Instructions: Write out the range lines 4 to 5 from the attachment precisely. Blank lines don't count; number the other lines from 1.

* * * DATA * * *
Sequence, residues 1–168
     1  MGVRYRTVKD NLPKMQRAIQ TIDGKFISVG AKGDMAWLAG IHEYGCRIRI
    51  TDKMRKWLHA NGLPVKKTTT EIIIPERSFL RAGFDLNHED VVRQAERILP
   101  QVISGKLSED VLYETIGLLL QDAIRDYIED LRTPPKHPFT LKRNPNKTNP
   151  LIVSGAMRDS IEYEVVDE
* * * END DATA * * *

   101  QVISGKLSED VLYETIGLLL QDAIRDYIED LRTPPKHPFT LKRNPNKTNP
   151  LIVSGAMRDS IEYEVVDE